Tuesday, 4 October 2011

Slippery Slithers and Turn About Twists!

snakey, hissy, twisty, tricky!
Twist Endings
I do so love a sparkling, unexpected twist at the end of a novel, don't you?
However, reading it is one thing but writing it is quite another... And handling that surprise well - and let's face it, in real life twists rarely happen as they do in books -  is as tricky as holding a slippery snake. But, when it works well, the twist ending lifts the story right off the page!
And I know it is much more difficult to do in a full length novel but relatively easy in a short story... So for me, the writer who pulls it off in a novel-length story has my total respect.
Thrillers especially, I feel, benefit from a strong twist ending – as long as it is carefully done and arises naturally from the story. I don’t usually plan twist endings but they often occur to me a as I am writing the story and I get very excited at the thought of tailoring my story somewhat so they fit nicely. And there is no better comment from a reader than them saying they never saw it coming.
Of course, to work properly the twist must not be evident to the reader until well into the story - if not actually at the very end. In fact, if it is obvious early on, it can totally destroy the rest of the tale! So twists have to be handled with a great deal of care.
The setup for the twist must come well in advance so the ending is not suddenly manufactured for the express purpose of the surprise/twist. If the reader has to go back and figure out ‘how the heck did that happen?’ and they can then see that the story had not misled them, then that is quite acceptable but the author has to be very careful that it all makes sense to the reader. Confusion at the end is an absolute no no...
There are those who say a good thriller story ought to be one twist after the other from beginning to end with surprises coming by the bucket-load in order to escalate tension and increase suspense. Not easy if you are to hold it all together. But iIf you can do this then the story never stalls and is never dull.
In thrillers, the suspense must be maintained right up until the final moments of the story, so to have a twist right at the end and keep the reader on the edge of his seat, especially if it has been one surprise after another right the way through, is not easy. I guess that’s why they call a good thriller story a breathless read.
Do you find twist endings easy to write in full novels? Have you ever read stories with twists that fail miserably?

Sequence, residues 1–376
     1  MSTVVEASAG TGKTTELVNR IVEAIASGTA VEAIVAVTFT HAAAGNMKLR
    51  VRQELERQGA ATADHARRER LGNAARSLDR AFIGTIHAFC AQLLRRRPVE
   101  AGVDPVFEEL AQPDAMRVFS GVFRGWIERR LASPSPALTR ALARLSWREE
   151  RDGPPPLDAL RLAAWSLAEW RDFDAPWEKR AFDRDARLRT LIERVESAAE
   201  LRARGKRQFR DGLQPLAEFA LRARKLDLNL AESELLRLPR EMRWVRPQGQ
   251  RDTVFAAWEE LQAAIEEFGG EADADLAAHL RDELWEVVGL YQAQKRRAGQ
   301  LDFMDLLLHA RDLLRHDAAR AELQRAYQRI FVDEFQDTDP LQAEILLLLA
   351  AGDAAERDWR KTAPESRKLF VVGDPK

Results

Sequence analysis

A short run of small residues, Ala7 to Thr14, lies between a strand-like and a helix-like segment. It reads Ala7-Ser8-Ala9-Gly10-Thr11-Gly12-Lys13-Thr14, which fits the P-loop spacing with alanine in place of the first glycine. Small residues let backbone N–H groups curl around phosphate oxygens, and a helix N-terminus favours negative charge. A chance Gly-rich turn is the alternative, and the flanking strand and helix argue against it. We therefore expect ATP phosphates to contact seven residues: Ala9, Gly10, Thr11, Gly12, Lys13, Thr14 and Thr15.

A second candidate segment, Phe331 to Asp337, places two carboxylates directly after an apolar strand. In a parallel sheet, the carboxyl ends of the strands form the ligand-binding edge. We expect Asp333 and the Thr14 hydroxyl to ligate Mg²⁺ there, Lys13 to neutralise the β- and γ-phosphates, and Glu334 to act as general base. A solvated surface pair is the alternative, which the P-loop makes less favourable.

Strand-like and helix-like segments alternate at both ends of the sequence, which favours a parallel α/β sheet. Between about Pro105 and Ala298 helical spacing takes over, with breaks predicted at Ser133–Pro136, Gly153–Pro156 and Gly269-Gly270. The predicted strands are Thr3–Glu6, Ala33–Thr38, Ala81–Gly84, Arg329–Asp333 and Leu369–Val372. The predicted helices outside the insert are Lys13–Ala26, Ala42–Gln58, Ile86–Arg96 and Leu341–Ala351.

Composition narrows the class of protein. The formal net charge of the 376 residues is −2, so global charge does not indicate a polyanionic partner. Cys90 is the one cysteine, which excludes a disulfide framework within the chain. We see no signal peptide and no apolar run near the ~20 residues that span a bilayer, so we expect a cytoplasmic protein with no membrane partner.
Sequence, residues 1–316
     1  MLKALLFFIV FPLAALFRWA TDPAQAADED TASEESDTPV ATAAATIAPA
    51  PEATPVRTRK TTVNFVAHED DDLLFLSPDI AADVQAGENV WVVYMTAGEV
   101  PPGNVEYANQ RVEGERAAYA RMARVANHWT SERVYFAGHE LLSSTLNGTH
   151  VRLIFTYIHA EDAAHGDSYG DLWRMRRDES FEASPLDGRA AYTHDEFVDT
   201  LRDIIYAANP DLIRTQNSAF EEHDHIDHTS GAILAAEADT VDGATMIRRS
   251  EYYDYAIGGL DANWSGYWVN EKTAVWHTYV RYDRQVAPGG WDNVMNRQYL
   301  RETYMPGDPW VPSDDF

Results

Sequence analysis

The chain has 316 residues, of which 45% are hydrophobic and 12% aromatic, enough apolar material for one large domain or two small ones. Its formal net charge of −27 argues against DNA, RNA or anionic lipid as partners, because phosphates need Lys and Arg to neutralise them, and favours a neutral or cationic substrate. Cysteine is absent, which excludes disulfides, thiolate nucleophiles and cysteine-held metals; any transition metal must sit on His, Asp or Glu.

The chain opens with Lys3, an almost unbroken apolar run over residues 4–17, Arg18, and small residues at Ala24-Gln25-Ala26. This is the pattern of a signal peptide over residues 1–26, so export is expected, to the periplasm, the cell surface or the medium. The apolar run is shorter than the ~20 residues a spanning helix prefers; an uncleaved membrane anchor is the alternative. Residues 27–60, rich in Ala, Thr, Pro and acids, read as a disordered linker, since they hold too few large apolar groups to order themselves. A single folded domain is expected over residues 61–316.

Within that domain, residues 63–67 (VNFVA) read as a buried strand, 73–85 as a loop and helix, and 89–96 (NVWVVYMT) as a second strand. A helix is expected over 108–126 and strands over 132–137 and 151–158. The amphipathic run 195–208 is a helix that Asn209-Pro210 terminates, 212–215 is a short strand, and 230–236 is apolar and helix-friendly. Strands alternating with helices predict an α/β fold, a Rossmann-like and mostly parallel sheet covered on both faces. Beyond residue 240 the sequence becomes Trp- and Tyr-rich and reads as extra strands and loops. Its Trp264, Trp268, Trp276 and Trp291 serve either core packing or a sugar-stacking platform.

1. I am not good at writing twists. I fail miserably at it however, it's nice when an author can do it. I have read books where the author has tried and failed.

  2. These days, when I read a novel or watch a film/TV programme, I often find myself looking for the twist. Because they are so prevalent, especially in crime novels/thrillers, what seems like the least likely outcome is sometimes the most likely, and that's almost the ending the reader comes to expect.

    However, there's nothing more fantastic than when a writer comes up with a truly original twist. Very tricky though - so many of them have been done before. And yes, I've read loads of novels where the self-consciously 'clever' twist hasn't come off at all (although this does allow me to congratulate myself on working it all out!).

  3. I've done twists for short stories, but not for a novel. It's exceptionally difficult to write.

  4. Twists are so hard, because you need to make it believable, and that usually involves signposting along the way. That kind of plotting makes my head explode.

  5. The very successful novel Sister (Rosamund Lupton) has the kind of twist that makes you (well, me) feel utterly cheated. I think you have to be careful with twists in novels, as the reader has invested some time in reading them, and wants to feel satisfied at the end. Likewise What They Do in the Dark (Amanda Coe) has a really horrible twist, which I think spoils the rest of the novel.

  6. Twists are great - if they work. If they were guessed early on, or fail for some other reason, they can spoil an otherwise interesting book.

  7. Thanks for the comments, everyone. I guess we are all more or less agreed!